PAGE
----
Wednesday, March 30, 2005
Arriving in Nong Khiaw, I settled into my guest house (a tiny room at the edge of the ricketiest deck I've ever stepped foot on-a sagging bamboo number. Nice view of the river though) (on the east side of the river) and then headed to get dinner with the guy from Quebec who was checking into the room next to mine as I dropped my load.
A beautiful little town, Nong Khiaw. Large limestone cliffs on all sides, the wide Nam Ou ('nam' is pretty much anything water. So it's the Ou River) floating lazily past, and a long concrete bridge extending between the town on the east and west sides of the river. Seeing the river got me more than a little excited about my idea.
Have I mentioned the idea yet? Passed along from my sister who undertook the same voyage a year previous (though I intended to go further because I am better!), the idea goes like this: buy a local boat in Nong Khiaw. Paddle down river (my destination being Luang Prabang) and stay in villages along the way. Brilliant idea.
Back to dinner. While eating with M, 2 girls showed up, also hailing from Quebec (Quebecers were everywhere!!), and sat to eat with us. Politics were discussed; I simply hung my head made funny noises. For a change, the discussion was more Canada vs. Quebec than the evil incarnate that is the US of A. Seems that while some Canadians hate being lumped in with Americans, many Quebecers feel just as strongly about being lumped in with Canada. Pretty weird, eh? Take off ya hoser!
Siderant-we're all people, ya know? To rephrase some lines from "Chasing Amy". In the movie, Amy states that becoming a lesbian was in part to not limit her chances of finding her one great love. Limiting her options to only men halves her chances. Well, by trying to maintain our heritage and breeding within our own (yes, I am simplifying greatly. I haven't ranted in a long while so leave me alone. It'll let me pretend that I am thinking) aren't we doing the same? And furthermore....splunge.
That died quickly. Almost before it began, you might say. Moving on....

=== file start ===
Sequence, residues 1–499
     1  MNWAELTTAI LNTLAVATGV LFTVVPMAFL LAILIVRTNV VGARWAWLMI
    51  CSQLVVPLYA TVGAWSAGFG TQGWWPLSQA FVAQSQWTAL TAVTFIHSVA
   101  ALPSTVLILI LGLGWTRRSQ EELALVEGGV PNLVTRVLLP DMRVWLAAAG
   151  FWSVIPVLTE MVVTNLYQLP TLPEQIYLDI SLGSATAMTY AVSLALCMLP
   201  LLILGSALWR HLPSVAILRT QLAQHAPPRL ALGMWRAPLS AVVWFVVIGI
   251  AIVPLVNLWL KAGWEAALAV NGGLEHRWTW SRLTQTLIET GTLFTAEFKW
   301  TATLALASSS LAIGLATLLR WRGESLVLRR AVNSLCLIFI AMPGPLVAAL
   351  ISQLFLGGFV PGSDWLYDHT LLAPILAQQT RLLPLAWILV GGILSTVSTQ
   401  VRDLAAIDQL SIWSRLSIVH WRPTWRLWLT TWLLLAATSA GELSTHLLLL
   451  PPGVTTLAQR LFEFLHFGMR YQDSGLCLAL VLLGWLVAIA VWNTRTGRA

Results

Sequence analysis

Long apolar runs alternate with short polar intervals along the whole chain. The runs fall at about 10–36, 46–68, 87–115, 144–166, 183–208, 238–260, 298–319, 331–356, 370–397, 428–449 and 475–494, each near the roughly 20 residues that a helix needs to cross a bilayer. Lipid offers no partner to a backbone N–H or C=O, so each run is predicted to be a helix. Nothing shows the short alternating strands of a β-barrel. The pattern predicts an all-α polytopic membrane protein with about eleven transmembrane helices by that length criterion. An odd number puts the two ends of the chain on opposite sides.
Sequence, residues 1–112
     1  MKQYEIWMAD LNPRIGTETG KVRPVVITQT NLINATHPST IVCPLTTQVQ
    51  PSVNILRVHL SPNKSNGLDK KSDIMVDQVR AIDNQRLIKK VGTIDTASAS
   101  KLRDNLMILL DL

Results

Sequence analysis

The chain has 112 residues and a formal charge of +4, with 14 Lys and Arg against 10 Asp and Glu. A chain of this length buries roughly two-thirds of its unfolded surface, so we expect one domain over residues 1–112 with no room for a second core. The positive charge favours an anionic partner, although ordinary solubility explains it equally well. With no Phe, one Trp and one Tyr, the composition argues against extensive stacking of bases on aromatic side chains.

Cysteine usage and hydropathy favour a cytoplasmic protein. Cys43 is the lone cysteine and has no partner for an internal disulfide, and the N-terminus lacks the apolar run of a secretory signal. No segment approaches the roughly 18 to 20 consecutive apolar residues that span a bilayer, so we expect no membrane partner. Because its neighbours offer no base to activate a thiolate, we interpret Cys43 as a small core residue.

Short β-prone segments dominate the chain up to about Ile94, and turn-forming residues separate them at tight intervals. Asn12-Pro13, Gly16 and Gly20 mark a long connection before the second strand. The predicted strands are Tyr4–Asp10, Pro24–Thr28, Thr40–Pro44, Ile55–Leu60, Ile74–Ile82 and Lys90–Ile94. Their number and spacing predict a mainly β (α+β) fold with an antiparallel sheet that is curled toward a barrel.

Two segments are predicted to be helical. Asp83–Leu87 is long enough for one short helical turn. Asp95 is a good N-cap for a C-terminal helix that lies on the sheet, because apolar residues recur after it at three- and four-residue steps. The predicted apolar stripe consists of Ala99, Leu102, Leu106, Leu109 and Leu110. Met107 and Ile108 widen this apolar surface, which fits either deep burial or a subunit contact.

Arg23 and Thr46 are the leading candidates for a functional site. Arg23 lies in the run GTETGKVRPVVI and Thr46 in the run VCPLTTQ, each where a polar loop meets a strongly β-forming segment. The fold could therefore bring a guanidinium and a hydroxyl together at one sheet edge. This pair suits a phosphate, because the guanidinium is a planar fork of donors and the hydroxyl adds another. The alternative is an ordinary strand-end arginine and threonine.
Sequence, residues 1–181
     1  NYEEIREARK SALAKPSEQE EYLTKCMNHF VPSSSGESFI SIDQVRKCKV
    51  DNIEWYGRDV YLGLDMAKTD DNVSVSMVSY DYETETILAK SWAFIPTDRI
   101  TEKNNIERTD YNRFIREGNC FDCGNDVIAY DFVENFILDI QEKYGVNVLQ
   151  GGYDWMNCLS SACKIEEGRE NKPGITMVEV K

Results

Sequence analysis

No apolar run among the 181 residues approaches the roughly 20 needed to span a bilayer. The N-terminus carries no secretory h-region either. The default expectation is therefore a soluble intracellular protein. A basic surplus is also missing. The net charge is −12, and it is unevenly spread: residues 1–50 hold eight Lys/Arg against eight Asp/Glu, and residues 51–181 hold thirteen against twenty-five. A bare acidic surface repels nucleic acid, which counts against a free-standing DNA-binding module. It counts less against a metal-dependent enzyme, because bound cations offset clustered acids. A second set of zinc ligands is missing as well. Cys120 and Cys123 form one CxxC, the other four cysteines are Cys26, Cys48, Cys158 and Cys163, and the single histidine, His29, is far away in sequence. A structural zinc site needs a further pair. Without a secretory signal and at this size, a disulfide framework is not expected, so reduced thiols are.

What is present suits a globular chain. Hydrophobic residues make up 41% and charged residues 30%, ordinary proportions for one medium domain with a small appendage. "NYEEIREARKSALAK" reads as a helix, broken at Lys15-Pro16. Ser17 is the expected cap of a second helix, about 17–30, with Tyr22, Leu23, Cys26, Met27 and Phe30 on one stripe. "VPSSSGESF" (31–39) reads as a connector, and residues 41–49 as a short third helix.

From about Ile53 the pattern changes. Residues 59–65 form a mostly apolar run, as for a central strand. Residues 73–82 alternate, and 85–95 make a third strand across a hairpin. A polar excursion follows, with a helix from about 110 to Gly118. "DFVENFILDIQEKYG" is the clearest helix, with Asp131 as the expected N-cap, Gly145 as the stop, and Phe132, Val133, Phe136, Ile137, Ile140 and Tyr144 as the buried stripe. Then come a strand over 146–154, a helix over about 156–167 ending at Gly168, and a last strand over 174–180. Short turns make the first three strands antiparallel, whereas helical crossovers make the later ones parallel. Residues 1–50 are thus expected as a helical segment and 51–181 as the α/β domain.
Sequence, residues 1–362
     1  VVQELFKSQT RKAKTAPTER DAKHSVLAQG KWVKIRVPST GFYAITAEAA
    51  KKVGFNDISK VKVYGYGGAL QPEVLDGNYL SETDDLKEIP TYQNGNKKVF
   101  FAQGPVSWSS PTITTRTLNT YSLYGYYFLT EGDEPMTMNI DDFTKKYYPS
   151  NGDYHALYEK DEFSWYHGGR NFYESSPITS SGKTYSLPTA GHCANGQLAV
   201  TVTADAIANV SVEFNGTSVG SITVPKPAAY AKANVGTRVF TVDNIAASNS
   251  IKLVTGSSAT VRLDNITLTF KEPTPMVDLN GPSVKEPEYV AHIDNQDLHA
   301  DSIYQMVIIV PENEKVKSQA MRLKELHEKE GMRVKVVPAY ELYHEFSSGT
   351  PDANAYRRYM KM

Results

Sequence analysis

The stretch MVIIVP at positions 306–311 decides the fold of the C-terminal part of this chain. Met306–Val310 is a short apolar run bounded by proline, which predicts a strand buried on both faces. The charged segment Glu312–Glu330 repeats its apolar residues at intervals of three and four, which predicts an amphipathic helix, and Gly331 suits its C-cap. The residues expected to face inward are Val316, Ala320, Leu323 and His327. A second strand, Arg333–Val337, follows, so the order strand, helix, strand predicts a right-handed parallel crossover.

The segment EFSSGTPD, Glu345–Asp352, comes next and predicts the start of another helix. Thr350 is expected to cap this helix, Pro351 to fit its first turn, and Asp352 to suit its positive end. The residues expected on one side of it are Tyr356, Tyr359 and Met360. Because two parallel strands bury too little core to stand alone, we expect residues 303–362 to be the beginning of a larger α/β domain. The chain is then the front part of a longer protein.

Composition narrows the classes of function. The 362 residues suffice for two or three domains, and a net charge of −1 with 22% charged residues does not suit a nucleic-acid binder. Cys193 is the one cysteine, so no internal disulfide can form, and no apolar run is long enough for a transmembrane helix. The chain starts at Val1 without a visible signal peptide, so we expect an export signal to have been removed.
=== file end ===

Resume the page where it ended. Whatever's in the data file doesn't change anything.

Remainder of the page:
While discussing our feelings on tourists, traveling, stuff like that, we all came to an agreement that the less touristy the better and that the tourists we were running across in Lao were much more like-minded with us than the ones found in say, Thailand. (Although it is hard to complain about the presence of tourists, because in essence you are then complaining about yourself. Catch that 22 if you can) So of course I mentioned my boat idea. Now, this wasn't exactly a bar, but I was on my second Beerlao (big bottles, 5%) and I'd just met these girls. Seemingly devoid of a 'sane' person's common sense they asked if they could come along on the trip. My response? "I love Beerloa!! Oh, um, yeah, why not. You can paddle." (I AM the consummate gentleman)
You might say that it was my overwhelming charm and strikingly good looks that wowed these female types into wanting to spend an unknown number of days on a still unprocured boat with me. But I don't quite see it that way (though feel free to assume that was the case). I was still unshaven and filthy from the long bus ride, and I was making a pig of myself-2 big beers and 2 full meals for my dinner. Not to mention my lack of clean clothes and hairy armpits. And chasing a damn rooster down the road hell-bent on destruction may not have enhanced my peace-loving side.
A mystery, it was/is.
The next morning I woke up and ran into J on the bridge (literally. I was bopping away with my MP3, hat pulled way low [still have no sunglasses. Lost them in China running for a bus and still haven't recovered]), where he was taking pics and looking disconcerted. Seems during the night a rat had fallen into bed with he and C, and she didn't appreciate the visit. This was the case almost all over; rats were being heard, seen, and felt. I heard them in the wall at my head, but reserved my feelings of rancour for all the bloody chickens!! J told me that they were moving guesthouses, and I wished him luck and continued across to the west side of the river to the 'docks' (place of mud where boats were pulled up) to talk with people. It went well. Got offers and my confidence buoyed. I cruised passed the girls' (the Js) place to check on their seriousness. They were full in. Still. Amazing I tell you. My only guess is that they planned to either drag me behind the boat to clean/unstench me, or conduct a mutiny and use my as buffalo boat. I am still afraid to ask.